The thicker a melanoma becomes, the greater the risk of it spreading into the lymphatic system and lymph nodes. Unless the lymph nodes are enlarged and visible during the physical exam or on imaging tests, the only way to accurately determine whether cancer has spread to the lymph nodes is to remove the lymph nodes (sentinel node biopsy).
The path of the initial lymph drainage and extent of tumor spread can be determined by locating the sentinel lymph node — the first node that filters lymph fluid draining from the melanoma. In some melanomas, tumor cells can travel in more than one direction within the lymph system. Sometimes there is more than one sentinel lymph node.
To determine the location of the sentinel node or nodes before surgery, a radioactive material is injected into the skin around the site of the original melanoma. The radioactive substance travels through the lymph channels and collects in the sentinel node. A body scan done several minutes after the injection identifies the sentinel node's position.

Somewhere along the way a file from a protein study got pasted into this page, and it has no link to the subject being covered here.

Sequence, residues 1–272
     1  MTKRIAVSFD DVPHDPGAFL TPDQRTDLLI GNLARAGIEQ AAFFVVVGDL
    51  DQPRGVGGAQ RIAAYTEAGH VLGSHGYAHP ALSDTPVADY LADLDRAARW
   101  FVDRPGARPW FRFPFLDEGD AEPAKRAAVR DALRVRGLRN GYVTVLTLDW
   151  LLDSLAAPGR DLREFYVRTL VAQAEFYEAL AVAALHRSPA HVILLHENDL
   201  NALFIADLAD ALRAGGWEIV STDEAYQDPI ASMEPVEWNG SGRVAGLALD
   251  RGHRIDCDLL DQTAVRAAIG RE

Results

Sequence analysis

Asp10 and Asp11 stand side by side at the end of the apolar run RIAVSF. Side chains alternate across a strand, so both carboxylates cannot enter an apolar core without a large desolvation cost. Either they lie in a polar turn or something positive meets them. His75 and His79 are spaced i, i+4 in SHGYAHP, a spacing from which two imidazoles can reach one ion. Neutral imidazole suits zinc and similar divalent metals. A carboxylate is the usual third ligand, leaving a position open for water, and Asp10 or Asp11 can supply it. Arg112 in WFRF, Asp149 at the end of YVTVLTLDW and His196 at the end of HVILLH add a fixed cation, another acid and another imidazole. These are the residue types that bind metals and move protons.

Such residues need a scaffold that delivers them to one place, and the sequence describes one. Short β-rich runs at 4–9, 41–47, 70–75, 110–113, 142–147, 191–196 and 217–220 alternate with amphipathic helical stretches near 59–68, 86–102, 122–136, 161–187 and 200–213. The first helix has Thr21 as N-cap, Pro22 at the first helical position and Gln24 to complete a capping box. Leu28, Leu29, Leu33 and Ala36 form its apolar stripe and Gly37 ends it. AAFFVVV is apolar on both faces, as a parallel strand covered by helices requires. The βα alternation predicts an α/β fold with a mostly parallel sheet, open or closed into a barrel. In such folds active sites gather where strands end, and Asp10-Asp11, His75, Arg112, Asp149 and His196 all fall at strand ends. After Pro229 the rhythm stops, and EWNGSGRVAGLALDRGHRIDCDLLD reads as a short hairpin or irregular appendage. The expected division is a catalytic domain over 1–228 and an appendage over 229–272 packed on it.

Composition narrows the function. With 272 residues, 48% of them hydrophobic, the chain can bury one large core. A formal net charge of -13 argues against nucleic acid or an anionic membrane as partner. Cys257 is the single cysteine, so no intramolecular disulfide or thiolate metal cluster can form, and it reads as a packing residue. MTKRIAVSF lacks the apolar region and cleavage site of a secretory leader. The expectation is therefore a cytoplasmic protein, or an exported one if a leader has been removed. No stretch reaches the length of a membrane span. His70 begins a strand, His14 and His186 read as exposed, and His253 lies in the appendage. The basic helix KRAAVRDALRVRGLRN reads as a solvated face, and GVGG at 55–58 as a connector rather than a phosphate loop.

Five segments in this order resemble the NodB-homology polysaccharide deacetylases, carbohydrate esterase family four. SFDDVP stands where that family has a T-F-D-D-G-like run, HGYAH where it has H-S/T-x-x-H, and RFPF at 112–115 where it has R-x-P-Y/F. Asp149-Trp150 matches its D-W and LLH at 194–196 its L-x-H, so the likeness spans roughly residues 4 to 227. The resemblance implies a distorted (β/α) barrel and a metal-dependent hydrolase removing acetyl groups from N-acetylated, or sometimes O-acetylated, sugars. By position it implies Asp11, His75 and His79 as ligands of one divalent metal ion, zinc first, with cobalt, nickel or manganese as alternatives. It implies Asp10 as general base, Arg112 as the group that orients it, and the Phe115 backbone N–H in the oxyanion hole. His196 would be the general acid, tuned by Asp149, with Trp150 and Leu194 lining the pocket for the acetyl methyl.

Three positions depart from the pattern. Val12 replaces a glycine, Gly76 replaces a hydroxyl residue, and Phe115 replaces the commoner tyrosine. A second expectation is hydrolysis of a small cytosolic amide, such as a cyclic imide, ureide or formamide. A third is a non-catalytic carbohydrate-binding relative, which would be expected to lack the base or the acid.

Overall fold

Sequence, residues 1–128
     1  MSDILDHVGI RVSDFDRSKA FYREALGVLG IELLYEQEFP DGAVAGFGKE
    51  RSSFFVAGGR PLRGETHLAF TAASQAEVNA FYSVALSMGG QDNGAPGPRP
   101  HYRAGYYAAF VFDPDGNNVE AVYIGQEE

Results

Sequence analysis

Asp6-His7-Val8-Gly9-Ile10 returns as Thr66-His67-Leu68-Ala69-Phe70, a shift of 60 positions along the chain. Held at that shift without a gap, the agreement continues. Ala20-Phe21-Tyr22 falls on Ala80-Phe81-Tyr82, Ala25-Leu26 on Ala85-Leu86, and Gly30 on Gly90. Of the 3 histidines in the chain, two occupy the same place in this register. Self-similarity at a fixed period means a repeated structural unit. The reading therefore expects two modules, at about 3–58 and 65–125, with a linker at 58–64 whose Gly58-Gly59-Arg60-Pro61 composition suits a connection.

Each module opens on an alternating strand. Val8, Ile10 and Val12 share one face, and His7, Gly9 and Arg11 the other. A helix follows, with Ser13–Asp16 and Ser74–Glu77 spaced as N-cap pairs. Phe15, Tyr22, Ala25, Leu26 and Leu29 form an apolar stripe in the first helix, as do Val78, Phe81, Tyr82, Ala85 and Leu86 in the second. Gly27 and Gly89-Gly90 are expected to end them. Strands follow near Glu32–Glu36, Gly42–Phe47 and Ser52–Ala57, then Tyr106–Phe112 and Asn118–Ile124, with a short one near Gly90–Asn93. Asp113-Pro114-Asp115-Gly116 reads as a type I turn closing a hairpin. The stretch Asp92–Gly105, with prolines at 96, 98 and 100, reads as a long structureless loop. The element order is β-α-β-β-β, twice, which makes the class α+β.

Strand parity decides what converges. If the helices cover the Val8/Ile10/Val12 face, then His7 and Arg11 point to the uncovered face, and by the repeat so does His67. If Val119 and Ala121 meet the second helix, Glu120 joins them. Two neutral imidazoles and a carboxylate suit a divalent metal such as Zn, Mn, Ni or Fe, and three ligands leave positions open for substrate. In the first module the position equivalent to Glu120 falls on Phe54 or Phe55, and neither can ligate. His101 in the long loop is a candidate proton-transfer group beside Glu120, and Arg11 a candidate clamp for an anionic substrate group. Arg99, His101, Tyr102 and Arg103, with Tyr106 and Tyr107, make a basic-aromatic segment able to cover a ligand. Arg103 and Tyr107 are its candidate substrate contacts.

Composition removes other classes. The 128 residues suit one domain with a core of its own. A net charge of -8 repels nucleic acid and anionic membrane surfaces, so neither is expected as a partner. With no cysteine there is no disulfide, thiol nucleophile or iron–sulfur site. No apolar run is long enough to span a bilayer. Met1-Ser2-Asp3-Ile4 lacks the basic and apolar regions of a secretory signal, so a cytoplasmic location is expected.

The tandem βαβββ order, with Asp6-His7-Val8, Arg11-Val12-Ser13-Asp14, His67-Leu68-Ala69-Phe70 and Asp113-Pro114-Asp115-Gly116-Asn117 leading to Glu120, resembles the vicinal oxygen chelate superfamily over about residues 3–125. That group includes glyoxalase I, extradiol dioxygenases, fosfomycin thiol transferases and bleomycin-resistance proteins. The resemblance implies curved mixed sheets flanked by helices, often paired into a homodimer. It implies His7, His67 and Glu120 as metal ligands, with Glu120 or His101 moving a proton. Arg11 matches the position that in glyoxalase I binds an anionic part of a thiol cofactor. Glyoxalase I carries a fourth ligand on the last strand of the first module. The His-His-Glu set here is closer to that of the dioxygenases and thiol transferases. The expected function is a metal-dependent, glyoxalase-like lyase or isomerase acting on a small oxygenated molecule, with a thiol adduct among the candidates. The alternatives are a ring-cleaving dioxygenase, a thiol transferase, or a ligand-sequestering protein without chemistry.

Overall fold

To help view the sentinel node during the operation, the surgeon injects a blue dye into the skin around the melanoma. Like the radioactive material, the dye also drains by lymphatic channels to the sentinel node. A small incision is made near the sentinel lymph node. The presence of the blue dye and an instrument that detects radiation allow the surgeon to identify the sentinel node.
The node is removed and sent to a pathologist who slices it into multiple pieces. Each slice is examined under a microscope for melanoma cells. Special stains also are used to help visualize even a tiny number of cancer cells.
If melanoma has spread to the sentinel lymph node, the other nodes in this area are surgically removed to be certain they do not contain additional melanoma cells.